It was Thanksgiving morning in 1999 and Housing Authority Officer Kenneth M. Dean III had his gun pointed at a teen-ager cornered in the back yard of a West Baltimore rowhouse.
The fear of that moment was "like when your car hits a patch of ice, only 10 times over," he recalls. "I had to get him before he was going to get me. Before he was going to hurt me or my partner."
The shots Dean then fired - killing Eli McCoy, 17 and unarmed - engendered a neighborhood tragedy, another example, some residents believed, of police brutalizing Baltimore's poor black residents.
The case illustrates the width of the gap of misunderstanding between officers such as Dean - who was stunned and embittered by public reaction to McCoy's death - and residents such as the boy's father, Elton McCoy, who is convinced that Dean's actions were motivated by ill will.
Dean's story is emblematic, too, of how difficult it is for police to fight crime aggressively in a dangerous city rife with anti-police sentiment.
Last week, a Baltimore circuit judge determined that, contrary to a civil jury verdict rendered in May, Dean did not maliciously kill McCoy. The judge lowered the jury award to McCoy's father from $7 million to $400,000.
To Dean, 33, the judge's decision to strike the jury's malice finding vindicates him. "The important part," he said, "was that I could say to people, to his father, `I did not go out there to intentionally hurt your son.'"
Elton McCoy doesn't believe him. "I think he meant to kill my son," McCoy said recently. "I think he had something on his mind. Why didn't he leave his problems at home?"
Public distrust of Baltimore police, a problem dating from at least the 1960s, seeps from street incidents such as the McCoy shooting into the entire criminal justice system, even courtrooms.
The same is true nationally, as victims of extreme cases of police brutality and shootings have become household names: Abner Louima and Amadou Diallo in New York, and Rodney King in Los Angeles.
Questioning potential jurors, Baltimore Circuit Judge William D. Quarles has noticed a trend over the years that has been echoed in national opinion polls. Although exceptions exist, he said, "there seems to be a reservoir of goodwill among the white community toward the police and a reservoir of suspicion among the African-American communities."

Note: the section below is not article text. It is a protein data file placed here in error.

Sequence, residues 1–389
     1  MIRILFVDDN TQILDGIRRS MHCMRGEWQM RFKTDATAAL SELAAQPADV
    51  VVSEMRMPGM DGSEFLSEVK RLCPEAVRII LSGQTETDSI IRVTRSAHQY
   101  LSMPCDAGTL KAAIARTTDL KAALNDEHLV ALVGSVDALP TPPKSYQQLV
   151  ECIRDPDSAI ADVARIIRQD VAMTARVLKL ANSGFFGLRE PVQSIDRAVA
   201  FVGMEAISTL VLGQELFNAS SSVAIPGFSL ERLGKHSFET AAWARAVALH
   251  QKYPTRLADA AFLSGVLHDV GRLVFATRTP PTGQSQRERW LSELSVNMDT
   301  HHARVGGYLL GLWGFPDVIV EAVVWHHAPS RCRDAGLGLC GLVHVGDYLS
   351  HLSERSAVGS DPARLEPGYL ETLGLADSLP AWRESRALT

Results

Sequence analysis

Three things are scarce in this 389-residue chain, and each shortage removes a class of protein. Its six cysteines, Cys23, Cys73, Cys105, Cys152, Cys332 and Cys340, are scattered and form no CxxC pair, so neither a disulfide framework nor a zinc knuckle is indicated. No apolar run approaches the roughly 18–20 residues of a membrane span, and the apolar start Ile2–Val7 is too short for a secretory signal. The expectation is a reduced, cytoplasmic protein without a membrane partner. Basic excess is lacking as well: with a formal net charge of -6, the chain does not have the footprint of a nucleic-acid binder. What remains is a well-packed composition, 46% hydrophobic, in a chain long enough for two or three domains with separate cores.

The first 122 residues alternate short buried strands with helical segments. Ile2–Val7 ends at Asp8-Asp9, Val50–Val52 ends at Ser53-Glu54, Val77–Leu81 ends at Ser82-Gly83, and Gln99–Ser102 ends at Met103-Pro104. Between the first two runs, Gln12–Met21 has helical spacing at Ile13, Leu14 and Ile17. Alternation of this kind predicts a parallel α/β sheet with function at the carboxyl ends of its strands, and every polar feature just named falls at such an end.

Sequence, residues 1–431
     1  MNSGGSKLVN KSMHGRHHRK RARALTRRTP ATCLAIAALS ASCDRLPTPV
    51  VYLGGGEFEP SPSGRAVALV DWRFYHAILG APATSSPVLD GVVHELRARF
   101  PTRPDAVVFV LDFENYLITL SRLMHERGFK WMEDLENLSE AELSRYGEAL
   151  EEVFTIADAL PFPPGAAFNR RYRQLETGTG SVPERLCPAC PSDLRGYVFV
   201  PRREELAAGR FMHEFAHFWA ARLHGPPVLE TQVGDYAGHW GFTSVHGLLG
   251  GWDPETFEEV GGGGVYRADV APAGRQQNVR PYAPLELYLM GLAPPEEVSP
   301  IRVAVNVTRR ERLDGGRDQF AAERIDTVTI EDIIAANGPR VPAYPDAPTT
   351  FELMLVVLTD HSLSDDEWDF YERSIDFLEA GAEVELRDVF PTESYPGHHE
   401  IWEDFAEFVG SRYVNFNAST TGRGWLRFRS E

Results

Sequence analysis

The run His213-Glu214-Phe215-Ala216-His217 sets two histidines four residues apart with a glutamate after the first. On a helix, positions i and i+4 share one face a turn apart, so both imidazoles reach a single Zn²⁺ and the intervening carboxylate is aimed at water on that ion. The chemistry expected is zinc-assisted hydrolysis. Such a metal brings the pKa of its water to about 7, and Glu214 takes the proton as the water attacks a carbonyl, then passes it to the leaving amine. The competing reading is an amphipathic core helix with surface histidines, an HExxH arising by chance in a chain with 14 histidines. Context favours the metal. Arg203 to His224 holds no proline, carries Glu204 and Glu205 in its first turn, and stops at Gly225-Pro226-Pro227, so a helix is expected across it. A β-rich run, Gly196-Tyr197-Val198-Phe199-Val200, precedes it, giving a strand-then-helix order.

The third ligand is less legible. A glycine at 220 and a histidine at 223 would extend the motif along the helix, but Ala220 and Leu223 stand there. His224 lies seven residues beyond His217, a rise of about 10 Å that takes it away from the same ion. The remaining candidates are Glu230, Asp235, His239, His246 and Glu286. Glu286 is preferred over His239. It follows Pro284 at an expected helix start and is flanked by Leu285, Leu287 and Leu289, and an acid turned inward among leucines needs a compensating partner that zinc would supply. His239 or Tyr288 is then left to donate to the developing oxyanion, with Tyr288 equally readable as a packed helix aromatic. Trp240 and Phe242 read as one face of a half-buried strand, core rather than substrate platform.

The problem has been exacerbated recently by highly publicized allegations of evidence-planting and perjury by police, and by the fatal shootings of McCoy and Larry J. Hubbard, 21, who was killed in October, 1999, as he struggled with an officer in East Baltimore.
Shootings such as McCoy's add to the perception that black males are victimized by police, said G. I. Johnson, president of the Baltimore branch of the National Association for the Advancement of Colored People.
His group meets regularly with city law enforcement officials to encourage active policing and to try to improve relations eroded by mutual fear, he said.
In January, Baltimore Circuit Judge Audrey J. S. Carrion asked the grand jury to investigate whether public confidence in the police has decreased. "The problems related to police misconduct and of the public's perception of it go far beyond mere ill will on a case-by-case basis," she wrote. "They pervade the very fabric of society."
In its report, the grand jury suggested ways to improve relations, including educating the public about the role of police. "At the same time," the jurors wrote, "the police must come to realize that every black male is not the enemy."
Dean, who is black, has been a housing officer for six years. He said he entered law enforcement to avoid a common urban fate: prison or untimely death.
"It sounds crazy, but I wanted to try to make a difference out here," said Dean. "Maybe one or two of us that grew up together are not incarcerated."
Dean was raised in an integrated neighborhood in West Baltimore, the only child of deeply religious parents. "My parents, they kept pushing. `Do this. Stay off the corner. You gotta be home at this time of night,'" he said.
His mother, Shirley, is a data processor at the Division of Correction. Sometimes, Dean visited her office after classes at Edmondson-West Side High School. He saw enough to know that he didn't want to end up inside.
His image of the police was "Officer Friendly," Dean said.
After high school, Dean spent a couple of years in the military, at bases in Texas and Alabama. When he returned home, he entered the police academy, hoping for the same discipline and camaraderie he had found in the service, he said.
He found it. After graduation, the city housing authority gave him a job. His parents worried that he would get hurt but never told him so, said his father, Kenneth. "We told him to be a policeman is a noble profession," he said.